Shrinking glacier reveals bodies of couple missing 75 years

The daughter of a couple who disappeared in the Swiss Alps more than 70 years ago has said the discovery of two bodies emerging from a melting glacier has brought her a “deep sense of calm” after so long without an answer.

Marceline Udry-Dumoulin, now 79, told the Le Matin newspaper of Lausanne, Switzerland, that she and her siblings “spent our whole lives looking for them, without stopping. We thought that we could give them the funeral they deserved one day.”

Udry-Dumoulin is the youngest of seven children born to Marcelin and Francine Dumoulin. The couple went to milk their cows on a meadow above their home in Switzerland’s Valais canton on August 15, 1942, according to the Reuters news agency, and never came home.

Local rescue teams had spent more than two months searching crevasses before giving up, The Associated Press reports.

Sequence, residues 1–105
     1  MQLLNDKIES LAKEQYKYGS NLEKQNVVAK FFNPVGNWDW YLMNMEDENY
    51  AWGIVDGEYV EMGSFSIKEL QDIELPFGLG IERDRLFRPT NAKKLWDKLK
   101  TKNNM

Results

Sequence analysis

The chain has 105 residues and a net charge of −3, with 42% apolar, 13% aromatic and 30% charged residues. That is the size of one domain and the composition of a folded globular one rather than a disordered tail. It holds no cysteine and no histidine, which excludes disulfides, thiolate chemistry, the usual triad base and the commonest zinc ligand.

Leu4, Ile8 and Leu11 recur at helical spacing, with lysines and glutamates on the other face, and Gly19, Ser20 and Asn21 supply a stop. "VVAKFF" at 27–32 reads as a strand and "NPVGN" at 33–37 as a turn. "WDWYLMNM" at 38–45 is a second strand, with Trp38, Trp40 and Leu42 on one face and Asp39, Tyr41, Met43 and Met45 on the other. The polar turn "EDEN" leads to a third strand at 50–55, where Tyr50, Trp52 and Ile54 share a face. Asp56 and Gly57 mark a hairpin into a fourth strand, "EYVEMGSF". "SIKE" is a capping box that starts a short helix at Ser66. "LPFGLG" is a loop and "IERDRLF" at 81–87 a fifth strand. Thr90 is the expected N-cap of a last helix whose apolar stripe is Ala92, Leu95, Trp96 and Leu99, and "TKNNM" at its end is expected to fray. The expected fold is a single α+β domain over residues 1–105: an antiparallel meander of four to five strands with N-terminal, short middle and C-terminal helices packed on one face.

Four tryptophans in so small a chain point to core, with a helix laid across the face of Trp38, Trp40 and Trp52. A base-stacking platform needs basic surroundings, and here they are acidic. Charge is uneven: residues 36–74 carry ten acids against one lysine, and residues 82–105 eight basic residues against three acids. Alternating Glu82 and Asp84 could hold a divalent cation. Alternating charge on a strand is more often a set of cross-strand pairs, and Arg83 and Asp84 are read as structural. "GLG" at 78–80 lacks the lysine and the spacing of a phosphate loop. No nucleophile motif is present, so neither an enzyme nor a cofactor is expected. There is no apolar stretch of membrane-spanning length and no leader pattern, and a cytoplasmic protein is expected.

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In this photo released by the Swiss train company Glacier 3000, shoes and clothing are visible at a Swiss glacier where two bodies were found.  Police say the bodies of what appear to be two people killed in an accident decades ago have been recovered from a glacier in southwestern Switzerland. Valais canton police say the bodies were found on the Tsanfleuron glacier on Fri., July 14, 2017, at an altitude of 8,580 feet. 

The regional police force told local media the bodies were discovered last week, near a ski lift on the Tsanfleuron glacier, by a worker for an adventure resort company.

“The bodies were lying near each other. It was a man and a woman wearing clothing dating from the period of World War Two,” Glacier 3000 director Bernhard Tschannen told local media, according to Reuters. “They were perfectly preserved in the glacier and their belongings were intact.”

Tschannen told the Tribune de Geneve that his staff believed the couple likely fell into a crevasse, “where they stayed for decades. As the glacier receded, it gave up their bodies.”

“It was the first time my mother went with him on such an excursion, “Udry-Dumoulin told Le Matin. “She was always pregnant and couldn’t climb in the difficult conditions of a glacier.”

“For the funeral, I won’t wear black. I think that white would be more appropriate. It represents hope, which I never lost.”


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